The second set play-by-play, if you have a taste for the macabre, can be found somewhere online. Suffice to say that Kvitova never came out of the unnatural zone she was playing in, and Bouchard looked like one of the juniors playing on Court No. 3.
The end came so swiftly, it was almost difficult to believe.
"I didn't feel like I was able to play my game," Bouchard said later. "She really took the chances away from me and was really putting a lot of pressure on me. I didn't have that many opportunities.
"But sometimes your opponent just plays better than you, and that's what happened today."
This wasn't the second round in Charleston, or even the quarters in Rome. This was a Wimbledon final. Kvitova laced a backhand cross-court winner on match point and fell to her back. She bounced up smiling and ran to net.
"It's hard," said McEnroe, in a rare understatement, "to put into words how good she was."
Last year, Bouchard didn't make much of an impact in the Grand Slams. Then 19, her ranking wasn't high enough to even play the Australian Open, and she won a total of only four matches at the remaining three.
This year, Bouchard entered the women's final against Kvitova with a 16-2 record in the majors -- the best of any woman. Her trademark is taking the ball early, standing stubbornly on or inside the baseline and trusting her athleticism to get the ball in play.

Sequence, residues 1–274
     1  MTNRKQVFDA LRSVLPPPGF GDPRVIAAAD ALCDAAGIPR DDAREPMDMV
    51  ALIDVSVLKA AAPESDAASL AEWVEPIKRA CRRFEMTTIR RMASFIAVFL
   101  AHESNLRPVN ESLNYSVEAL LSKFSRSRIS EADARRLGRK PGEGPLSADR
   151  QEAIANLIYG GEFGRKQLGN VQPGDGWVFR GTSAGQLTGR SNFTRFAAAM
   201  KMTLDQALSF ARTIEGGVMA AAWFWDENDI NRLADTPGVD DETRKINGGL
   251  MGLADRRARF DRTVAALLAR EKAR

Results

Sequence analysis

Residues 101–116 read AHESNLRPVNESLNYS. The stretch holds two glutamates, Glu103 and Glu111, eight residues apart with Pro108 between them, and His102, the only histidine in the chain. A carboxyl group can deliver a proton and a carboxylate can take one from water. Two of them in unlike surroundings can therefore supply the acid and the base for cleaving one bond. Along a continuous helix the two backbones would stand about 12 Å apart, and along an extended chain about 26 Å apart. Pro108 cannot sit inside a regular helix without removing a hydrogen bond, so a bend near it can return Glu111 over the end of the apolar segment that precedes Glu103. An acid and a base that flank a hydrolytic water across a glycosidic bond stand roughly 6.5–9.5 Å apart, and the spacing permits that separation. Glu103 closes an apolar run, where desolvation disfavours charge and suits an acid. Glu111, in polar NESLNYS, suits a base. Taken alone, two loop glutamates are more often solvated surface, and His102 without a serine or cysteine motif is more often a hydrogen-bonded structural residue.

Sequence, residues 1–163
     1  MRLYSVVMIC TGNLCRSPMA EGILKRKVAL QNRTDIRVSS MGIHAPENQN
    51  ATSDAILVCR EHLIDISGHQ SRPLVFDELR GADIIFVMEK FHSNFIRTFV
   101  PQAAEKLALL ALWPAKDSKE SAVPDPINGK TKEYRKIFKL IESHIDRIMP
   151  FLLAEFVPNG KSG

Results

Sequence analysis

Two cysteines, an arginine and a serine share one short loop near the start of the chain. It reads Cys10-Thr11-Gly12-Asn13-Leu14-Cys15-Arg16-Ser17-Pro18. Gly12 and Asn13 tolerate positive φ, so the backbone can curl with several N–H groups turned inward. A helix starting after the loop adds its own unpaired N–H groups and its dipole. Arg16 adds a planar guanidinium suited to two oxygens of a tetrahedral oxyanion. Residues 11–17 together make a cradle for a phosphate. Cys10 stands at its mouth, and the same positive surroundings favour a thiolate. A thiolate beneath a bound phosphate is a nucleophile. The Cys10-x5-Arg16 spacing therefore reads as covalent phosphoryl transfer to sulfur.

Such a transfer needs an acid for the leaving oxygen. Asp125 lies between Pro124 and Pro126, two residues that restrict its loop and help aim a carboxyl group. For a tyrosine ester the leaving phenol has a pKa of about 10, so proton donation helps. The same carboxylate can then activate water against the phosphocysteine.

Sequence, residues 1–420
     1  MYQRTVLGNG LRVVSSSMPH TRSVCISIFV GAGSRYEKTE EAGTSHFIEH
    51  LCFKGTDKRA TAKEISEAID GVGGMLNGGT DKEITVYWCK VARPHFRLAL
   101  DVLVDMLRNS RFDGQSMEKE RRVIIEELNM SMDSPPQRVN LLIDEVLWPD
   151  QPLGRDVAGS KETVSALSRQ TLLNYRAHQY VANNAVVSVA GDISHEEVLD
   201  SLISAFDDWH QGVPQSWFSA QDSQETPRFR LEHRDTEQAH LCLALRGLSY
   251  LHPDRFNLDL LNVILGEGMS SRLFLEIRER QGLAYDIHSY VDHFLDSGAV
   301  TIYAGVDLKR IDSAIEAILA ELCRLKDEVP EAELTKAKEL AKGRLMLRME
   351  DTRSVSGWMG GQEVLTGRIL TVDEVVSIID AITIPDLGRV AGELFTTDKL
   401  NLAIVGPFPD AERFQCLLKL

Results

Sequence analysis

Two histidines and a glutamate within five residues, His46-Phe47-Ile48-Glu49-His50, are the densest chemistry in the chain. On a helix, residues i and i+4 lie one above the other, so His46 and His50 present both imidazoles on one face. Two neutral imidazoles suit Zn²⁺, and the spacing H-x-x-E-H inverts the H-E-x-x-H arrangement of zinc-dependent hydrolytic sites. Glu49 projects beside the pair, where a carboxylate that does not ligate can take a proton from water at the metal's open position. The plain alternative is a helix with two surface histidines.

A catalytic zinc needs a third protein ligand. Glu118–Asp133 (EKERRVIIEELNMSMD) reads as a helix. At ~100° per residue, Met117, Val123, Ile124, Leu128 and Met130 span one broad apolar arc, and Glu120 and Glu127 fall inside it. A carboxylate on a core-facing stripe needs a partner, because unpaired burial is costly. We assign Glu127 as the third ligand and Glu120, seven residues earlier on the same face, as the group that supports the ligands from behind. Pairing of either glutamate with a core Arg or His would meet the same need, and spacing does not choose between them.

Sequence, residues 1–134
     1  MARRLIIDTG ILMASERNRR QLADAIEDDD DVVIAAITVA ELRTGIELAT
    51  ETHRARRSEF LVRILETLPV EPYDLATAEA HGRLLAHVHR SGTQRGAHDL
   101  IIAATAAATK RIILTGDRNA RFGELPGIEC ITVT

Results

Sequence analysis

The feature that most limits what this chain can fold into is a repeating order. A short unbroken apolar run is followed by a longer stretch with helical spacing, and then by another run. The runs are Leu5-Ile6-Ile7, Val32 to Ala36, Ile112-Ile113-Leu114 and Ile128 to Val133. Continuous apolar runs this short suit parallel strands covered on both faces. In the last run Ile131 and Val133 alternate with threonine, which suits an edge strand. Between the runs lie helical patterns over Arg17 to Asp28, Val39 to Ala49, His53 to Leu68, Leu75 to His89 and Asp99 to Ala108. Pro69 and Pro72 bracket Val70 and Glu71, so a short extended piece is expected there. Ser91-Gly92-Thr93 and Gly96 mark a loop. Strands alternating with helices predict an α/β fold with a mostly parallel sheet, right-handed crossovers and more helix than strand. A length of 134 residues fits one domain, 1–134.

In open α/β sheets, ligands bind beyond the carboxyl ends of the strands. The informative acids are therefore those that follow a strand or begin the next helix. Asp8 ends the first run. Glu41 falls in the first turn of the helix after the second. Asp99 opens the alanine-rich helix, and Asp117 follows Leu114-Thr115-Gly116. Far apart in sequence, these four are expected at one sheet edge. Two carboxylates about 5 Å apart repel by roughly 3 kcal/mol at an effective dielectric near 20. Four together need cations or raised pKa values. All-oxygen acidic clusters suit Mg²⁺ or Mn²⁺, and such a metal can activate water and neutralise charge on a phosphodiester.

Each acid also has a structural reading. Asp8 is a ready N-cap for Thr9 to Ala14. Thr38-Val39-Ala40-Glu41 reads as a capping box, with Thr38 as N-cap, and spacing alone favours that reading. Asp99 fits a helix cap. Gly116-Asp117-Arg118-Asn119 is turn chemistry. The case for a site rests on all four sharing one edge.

"It was a big moment walking out onto Centre Court for a final," Bouchard said. "I have that experience now. I know what it feels like. I hope I can walk out to many more finals. That's the goal.
"I am very motivated to win a Grand Slam. It's been a lifelong dream of mine. I feel like I've taken steps in the right direction to achieve that."
How far, how fast has Bouchard -- now 20 -- come? How about faster than Martina Hingis?
Hingis won the junior girls' tournament here in 1994, then three years later reached the women's final (and won) at the All England Club. Bouchard got to the final in two years. Further, Bouchard reached the final in only her sixth major appearance, a remarkable achievement underlined by the fact only five women ever did better -- and their names were Shriver, Venus, Evert, Zvereva and Seles. Going forward, it will be interesting to see if Bouchard can make a similar impression on the game.
"She played fantastic these two weeks," Bouchard said of Kvitova. "It was tough for me today. But I'm proud of how I played this tournament. I feel like it's a step in the right direction. I don't know if I deserve all your love today, but I appreciate it."
And Kvitova? She's always been a nervy player. Maybe this confirmation of her greatness on the grass at Wimbledon will send her off on a major tear. Then again, maybe it won't.
"Mentally, I already played in the final, but you never know how it's going to go," she said, perhaps sounding a bit surprised. "I'm just happy to be here and hold the trophy."